THE headteacher of a Burnley high school criticised by government inspectors says it is now “heading in the right direction” after its first follow-up visits since being placed in special measures.
Parents, pupils, staff and governors at Blessed Trinity RC College were left reeling in July when Ofsted identified four areas where the school was failing and must improve.
Although Ofsted inspectors have yet to return, the school was last week visited by Lancashire County Council’s Monitoring and Intervention Team and inspectors from the Salford Diocese.
Headteacher Miss Bernadette Bleasdale, who vowed in July to turn the school around, said she was encouraged by early comments from the two inspections.
Ofsted inspectors had demanded improvements be made in:
pupils’ achievement in terms of value added performance;
behaviour in lessons;
standard of teaching;
strategic leadership of the school.
Miss Bleasdale said, in July, the school had suffered unprecedented disruption as it waited for its new home to be built in Ormerod Road, at one stage operating from three sites.
She told the Express this week the feedback from the latest visits were proof the school was moving in the right direction. “There is still a lot of work to be done, but we are pleased with the initial response from these two inspections.
“The MIT inspectors will look at the four different areas over the coming weeks and on Friday looked at the behaviour of pupils as well as our teaching and learning.
“They said they found the behaviour of pupils outstanding when sitting in on lessons, walking the corridors and in the playground.
“We have had a relentless focus on behaviour since the inspection and are seeing changes. We have staff walking corridors and talking to pupils in the school grounds.
“I must say, though, this come from everybody – pupils, parents, staff and governors. We all want to get it right.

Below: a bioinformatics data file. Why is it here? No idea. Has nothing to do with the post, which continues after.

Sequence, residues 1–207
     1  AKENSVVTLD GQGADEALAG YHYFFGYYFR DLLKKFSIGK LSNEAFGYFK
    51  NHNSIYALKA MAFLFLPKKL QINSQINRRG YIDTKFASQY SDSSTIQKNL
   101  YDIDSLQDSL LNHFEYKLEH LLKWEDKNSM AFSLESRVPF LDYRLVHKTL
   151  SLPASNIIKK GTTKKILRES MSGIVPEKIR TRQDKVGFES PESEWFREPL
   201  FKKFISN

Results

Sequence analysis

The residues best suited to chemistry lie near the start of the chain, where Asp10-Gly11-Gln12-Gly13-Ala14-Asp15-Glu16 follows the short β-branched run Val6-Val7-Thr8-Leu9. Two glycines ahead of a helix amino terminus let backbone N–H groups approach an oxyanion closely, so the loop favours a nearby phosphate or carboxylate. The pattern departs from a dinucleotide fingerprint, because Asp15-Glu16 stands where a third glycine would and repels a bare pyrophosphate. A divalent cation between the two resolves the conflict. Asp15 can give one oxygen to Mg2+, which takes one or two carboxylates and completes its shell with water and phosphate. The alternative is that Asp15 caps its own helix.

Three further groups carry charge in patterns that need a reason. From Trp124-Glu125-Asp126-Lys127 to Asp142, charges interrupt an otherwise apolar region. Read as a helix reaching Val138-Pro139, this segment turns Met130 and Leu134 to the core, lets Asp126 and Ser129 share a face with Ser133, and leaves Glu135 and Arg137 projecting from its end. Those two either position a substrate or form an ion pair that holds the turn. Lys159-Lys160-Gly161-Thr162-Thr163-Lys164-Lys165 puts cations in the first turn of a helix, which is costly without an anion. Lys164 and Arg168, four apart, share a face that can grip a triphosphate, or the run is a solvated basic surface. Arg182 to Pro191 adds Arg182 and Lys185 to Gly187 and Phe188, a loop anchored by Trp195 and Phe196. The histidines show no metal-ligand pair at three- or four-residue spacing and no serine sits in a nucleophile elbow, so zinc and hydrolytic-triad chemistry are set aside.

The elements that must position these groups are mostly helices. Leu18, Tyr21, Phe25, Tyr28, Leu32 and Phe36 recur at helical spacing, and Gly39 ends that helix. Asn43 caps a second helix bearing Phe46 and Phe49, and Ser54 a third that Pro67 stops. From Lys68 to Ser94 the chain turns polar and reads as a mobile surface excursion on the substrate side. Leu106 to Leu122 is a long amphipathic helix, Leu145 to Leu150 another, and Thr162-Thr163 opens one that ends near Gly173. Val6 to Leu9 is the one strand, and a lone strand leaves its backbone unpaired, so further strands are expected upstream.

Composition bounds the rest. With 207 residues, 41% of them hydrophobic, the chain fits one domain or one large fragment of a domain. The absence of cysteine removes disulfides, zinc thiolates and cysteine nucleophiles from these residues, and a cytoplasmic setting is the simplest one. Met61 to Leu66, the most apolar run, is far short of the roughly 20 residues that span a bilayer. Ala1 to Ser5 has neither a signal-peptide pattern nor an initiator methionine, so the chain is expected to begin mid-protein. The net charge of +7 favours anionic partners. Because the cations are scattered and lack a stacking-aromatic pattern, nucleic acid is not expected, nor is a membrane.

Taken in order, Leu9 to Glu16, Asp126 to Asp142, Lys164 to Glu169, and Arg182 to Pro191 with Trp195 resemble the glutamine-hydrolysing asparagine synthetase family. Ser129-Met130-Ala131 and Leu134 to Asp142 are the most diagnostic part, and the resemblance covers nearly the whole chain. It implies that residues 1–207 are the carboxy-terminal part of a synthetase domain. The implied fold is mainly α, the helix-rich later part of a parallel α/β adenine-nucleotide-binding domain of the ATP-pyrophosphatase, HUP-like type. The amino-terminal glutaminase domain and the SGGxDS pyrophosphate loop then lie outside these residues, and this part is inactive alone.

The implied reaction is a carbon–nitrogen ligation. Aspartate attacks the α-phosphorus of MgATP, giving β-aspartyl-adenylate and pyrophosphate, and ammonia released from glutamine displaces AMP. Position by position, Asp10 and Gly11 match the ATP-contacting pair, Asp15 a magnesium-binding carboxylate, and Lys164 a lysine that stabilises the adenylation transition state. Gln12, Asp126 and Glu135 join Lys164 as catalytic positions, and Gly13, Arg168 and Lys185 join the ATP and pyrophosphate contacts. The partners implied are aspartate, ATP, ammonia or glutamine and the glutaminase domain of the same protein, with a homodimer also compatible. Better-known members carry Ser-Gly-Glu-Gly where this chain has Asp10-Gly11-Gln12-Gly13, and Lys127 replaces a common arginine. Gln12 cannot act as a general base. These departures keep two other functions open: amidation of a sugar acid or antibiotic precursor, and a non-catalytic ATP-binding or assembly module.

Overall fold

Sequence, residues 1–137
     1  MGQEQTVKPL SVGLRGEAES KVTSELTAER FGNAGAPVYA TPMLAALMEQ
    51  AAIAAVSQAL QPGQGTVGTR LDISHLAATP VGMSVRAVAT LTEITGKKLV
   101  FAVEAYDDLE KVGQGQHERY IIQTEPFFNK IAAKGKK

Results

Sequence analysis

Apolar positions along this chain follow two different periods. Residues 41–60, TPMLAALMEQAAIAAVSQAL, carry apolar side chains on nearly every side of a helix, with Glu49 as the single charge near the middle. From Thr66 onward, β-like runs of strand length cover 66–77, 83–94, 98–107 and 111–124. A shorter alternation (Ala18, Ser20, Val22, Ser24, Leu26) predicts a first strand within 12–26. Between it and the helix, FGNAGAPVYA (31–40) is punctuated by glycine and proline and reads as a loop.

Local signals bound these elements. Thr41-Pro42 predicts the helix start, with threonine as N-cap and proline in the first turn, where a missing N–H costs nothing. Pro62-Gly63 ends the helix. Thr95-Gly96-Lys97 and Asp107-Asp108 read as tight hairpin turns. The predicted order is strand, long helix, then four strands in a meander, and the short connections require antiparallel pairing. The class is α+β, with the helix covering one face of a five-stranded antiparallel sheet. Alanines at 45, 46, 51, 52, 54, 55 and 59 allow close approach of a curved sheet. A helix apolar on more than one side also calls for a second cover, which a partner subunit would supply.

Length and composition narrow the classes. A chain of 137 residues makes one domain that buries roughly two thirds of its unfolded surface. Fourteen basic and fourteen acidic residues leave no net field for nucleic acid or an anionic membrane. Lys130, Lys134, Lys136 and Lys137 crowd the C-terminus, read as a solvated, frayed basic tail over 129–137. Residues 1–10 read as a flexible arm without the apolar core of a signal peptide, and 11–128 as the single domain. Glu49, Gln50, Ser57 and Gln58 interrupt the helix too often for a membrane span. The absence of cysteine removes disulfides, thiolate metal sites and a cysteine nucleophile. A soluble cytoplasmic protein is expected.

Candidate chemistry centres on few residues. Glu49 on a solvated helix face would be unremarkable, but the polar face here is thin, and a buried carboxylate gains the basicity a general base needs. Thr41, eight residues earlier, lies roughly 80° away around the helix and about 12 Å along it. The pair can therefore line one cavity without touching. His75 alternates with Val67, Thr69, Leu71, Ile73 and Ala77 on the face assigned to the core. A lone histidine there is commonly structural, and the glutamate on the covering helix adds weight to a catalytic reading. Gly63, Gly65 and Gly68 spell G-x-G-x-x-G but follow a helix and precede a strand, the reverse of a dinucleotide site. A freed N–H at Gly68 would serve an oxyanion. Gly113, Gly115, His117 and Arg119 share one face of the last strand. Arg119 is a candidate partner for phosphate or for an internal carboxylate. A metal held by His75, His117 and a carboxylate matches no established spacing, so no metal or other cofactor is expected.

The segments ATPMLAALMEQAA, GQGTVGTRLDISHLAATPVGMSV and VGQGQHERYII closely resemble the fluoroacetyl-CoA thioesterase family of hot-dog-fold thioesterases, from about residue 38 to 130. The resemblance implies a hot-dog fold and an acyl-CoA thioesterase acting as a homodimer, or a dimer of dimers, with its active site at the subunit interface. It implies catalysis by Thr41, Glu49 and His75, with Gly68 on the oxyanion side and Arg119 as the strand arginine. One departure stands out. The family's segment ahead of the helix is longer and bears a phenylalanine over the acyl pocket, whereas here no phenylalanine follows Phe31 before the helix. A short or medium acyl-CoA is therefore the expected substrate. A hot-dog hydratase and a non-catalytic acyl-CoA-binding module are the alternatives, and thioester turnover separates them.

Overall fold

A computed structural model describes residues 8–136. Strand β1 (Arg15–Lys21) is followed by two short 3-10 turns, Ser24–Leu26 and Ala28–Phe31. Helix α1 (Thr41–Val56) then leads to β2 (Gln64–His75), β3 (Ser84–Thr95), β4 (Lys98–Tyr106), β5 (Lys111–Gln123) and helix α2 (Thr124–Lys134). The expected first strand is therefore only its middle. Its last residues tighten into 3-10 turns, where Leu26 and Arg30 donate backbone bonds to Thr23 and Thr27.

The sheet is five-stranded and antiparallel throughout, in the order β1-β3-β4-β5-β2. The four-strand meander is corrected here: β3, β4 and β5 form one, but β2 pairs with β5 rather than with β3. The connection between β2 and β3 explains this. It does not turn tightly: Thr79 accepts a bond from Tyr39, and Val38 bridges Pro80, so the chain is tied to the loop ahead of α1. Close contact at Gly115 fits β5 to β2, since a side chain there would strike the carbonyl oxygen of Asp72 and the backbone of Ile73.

“Indeed, pupil forums have now been extended from a full school council through year group council and even form councils. The children have had a lot of input and are enjoying lessons more.”
Special measures is a status applied by Ofsted to schools when it considers they fail to supply an acceptable level of education. A school subject to special measures will have regular short-notice inspections to monitor its improvement. The senior managers and teaching staff can potentially be dismissed and the school governors replaced by an appointed executive committee. If poor performance continues the school may be closed.
Blessed Trinity, a merger of Burnley’s former top performing high schools St Theodore’s boys and St Hilda’s girls schools, was created under the Building Schools for the Future programme.
Local authority MIT visits are triggered when a school is placed in special measures and Blessed Trinity will be visited every three weeks by the team. The MIT will report back to governors in November.
The Salford Diocese inspectors visit Catholic schools as a matter of course following any Ofsted inspection and look at a school’s RE as well as leadership and management.
Diocesan inspectors said teaching and learning in Religious Education was “good overall with some outstanding practice seen in some lessons”.
The Diocese rated the school as either outstanding or good in the five categories it inspected.
Miss Bleasdale added: “We are delighted with the Diocesan comments. RE is an important academic subject, but it is also important in fostering a community spirit within the school, something we have lacked during the upheaval of the last few years.
“There is still work to be done, and we will not stop, but we are at least moving in the right direction.”